In last week's case of Westshield v Buckingham Group [2013] EWHC 1825 (TCC) the Court had to decide whether to enforce an adjudicator's decision where the parties had given the adjudicator jurisdiction to determine who the parties to a contract actually were. The adjudicator had duly done so, but decided that the subcontractor in the contract was a company that was dormant.

The contractor was faced with making a payment, of temporarily binding effect, to either a dormant company, or, if it were the other possible entity, one that was in a creditors voluntary arrangement and this naturally caused it some concern so it tried to resist enforcement and obtain a stay of execution. The other possible subcontractor (also a party to the proceedings) did however say it would guarantee any sums paid to the dormant company and the judge was given comfort by that arrangement.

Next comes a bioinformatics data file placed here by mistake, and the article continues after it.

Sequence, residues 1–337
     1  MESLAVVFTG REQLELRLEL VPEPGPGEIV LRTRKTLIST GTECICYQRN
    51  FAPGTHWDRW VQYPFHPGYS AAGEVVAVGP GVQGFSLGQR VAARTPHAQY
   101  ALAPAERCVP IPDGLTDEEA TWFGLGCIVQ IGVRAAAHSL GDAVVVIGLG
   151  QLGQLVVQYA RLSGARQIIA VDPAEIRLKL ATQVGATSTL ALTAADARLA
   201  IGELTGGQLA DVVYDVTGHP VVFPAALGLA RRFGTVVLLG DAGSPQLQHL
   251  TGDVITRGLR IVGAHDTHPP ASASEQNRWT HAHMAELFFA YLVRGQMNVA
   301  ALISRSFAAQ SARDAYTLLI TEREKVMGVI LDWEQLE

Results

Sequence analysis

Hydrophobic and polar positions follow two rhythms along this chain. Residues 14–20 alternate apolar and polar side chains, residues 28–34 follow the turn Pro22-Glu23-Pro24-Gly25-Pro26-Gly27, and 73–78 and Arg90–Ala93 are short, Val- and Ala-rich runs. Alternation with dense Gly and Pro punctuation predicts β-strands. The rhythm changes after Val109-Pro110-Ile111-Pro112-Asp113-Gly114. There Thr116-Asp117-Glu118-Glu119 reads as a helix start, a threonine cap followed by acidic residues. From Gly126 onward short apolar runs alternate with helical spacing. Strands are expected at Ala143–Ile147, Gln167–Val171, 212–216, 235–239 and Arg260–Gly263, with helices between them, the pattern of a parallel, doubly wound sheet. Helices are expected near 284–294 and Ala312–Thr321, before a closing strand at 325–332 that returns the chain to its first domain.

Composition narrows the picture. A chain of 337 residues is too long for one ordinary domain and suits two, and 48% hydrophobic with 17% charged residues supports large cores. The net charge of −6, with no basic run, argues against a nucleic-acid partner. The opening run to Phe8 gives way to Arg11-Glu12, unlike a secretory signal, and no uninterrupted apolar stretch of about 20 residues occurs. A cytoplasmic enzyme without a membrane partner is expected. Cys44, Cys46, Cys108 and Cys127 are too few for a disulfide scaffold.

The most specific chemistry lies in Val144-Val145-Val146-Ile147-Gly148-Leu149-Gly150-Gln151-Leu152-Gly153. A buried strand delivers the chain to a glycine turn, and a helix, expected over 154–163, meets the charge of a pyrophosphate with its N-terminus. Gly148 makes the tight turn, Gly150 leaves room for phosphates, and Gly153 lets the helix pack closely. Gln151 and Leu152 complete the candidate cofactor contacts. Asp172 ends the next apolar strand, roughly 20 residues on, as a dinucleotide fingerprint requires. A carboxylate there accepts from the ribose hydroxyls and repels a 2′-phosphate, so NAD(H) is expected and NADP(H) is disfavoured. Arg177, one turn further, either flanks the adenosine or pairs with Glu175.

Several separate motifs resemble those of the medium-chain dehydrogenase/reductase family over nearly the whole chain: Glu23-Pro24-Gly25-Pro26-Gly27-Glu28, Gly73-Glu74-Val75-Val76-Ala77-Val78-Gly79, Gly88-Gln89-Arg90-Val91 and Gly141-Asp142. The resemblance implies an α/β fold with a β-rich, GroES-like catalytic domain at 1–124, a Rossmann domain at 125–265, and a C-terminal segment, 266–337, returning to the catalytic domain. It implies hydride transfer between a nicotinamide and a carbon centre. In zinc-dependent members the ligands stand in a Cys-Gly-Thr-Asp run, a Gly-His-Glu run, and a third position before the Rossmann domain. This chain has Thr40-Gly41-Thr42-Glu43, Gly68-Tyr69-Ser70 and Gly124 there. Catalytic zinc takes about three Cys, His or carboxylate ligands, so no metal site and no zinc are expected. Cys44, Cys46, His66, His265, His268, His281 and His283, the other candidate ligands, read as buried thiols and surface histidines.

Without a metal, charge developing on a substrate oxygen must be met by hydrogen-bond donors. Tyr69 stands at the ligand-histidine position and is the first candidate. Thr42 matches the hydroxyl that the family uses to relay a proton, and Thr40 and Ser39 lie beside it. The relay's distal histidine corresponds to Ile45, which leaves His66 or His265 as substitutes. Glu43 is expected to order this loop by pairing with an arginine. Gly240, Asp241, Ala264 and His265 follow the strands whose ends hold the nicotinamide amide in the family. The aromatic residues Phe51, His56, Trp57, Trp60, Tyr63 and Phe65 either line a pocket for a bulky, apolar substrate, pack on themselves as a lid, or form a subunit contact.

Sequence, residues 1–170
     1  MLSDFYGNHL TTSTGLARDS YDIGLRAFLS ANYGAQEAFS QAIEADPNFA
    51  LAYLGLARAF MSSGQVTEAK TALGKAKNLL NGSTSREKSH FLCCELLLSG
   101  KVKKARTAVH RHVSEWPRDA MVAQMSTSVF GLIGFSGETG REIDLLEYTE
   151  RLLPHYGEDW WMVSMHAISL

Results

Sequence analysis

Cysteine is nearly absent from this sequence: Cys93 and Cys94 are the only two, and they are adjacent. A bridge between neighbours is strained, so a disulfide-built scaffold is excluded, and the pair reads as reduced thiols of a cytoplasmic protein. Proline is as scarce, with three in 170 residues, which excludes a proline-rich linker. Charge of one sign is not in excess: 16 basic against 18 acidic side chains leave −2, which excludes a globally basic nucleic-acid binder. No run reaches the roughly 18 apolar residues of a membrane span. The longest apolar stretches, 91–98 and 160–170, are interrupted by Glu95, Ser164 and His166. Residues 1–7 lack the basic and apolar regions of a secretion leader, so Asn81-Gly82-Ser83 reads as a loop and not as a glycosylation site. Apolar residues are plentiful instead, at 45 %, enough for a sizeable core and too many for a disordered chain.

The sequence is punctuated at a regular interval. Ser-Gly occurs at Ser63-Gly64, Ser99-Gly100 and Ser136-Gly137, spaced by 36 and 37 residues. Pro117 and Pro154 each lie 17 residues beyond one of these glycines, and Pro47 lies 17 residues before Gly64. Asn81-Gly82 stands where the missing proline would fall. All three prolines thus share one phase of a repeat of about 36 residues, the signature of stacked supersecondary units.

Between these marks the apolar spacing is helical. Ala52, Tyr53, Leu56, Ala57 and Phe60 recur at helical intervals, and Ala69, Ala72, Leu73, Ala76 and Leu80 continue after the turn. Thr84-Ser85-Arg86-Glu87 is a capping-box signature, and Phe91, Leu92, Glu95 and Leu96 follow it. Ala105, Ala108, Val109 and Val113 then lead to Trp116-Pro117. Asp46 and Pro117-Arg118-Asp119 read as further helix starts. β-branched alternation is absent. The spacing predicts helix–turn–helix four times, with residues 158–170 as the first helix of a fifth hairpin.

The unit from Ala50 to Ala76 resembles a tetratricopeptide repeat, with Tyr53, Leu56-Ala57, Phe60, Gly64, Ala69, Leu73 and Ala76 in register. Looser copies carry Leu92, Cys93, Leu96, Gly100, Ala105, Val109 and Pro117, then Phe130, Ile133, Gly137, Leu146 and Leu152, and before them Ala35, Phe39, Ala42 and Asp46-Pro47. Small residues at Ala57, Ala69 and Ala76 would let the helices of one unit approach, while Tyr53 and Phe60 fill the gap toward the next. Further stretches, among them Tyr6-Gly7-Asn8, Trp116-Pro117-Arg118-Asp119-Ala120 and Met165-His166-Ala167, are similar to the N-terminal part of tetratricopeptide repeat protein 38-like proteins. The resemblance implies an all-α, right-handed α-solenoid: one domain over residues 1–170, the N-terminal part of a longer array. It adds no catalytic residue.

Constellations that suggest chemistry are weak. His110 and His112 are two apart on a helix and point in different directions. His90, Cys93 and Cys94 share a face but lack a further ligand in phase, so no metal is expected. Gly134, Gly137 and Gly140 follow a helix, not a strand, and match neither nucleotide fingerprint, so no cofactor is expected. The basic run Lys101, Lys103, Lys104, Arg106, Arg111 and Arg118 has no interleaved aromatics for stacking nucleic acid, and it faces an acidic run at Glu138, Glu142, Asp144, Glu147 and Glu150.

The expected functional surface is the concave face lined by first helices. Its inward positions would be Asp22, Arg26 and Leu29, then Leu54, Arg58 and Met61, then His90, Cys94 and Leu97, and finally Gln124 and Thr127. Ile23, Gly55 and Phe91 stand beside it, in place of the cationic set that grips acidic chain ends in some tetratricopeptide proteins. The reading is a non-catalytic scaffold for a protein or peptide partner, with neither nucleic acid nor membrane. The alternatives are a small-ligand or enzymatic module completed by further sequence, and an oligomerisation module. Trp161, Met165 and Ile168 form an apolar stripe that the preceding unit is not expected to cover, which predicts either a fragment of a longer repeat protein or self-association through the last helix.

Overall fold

Surprisingly, an email discussing tactics which appears as if it should have attracted privilege, was disclosed by the main contractor and this appears to have influenced the judge in understanding the, in part, tactical nature of what the contractor was seeking to do through the dispute process.

The court held that fundamentally whichever company was the subcontractor they were in a similar, perhaps better in one case, financial position to that they were in when the contract was placed and the contractor knew the position of the companies when it commenced the adjudication. Coupled with the tactical manoeuvring and possible artifice of the situation that had been brought about and the proffered guarantee the judge told the contractor to pay up to the dormant company, just as the adjudicator had decided.